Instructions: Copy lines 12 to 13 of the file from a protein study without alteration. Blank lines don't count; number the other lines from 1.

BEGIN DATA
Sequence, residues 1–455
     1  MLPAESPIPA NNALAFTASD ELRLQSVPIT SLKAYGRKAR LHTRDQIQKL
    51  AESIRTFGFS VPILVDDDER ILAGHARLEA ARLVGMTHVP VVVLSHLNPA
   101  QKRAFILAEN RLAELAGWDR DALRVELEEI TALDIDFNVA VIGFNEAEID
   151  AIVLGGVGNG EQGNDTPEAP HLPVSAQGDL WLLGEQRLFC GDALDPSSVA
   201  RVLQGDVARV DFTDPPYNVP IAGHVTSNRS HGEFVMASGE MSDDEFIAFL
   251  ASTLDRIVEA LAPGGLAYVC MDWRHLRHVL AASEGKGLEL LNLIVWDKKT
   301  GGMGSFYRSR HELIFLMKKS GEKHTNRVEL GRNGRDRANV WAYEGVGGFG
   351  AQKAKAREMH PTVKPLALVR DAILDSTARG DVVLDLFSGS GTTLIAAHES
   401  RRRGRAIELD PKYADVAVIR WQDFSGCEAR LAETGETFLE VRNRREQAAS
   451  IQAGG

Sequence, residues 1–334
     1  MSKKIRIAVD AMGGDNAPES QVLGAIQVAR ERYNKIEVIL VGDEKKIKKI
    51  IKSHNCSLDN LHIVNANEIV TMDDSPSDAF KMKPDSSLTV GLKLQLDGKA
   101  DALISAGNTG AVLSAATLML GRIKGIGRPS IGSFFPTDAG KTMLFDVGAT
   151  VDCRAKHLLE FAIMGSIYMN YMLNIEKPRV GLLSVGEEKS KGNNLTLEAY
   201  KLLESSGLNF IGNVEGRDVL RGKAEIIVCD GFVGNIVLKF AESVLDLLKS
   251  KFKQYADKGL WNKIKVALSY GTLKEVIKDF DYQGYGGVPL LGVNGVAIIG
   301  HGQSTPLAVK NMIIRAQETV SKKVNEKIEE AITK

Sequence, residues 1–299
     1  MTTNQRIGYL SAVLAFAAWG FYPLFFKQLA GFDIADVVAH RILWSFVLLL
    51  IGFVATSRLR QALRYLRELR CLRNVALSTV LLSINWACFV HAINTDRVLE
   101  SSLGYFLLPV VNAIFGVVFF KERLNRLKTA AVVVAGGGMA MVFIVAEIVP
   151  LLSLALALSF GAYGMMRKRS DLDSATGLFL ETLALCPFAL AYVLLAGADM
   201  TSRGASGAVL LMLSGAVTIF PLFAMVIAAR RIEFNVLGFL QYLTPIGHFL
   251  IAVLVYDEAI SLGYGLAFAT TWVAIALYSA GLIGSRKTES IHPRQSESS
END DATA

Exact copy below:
Sequence, residues 1–334
     1  MSKKIRIAVD AMGGDNAPES QVLGAIQVAR ERYNKIEVIL VGDEKKIKKI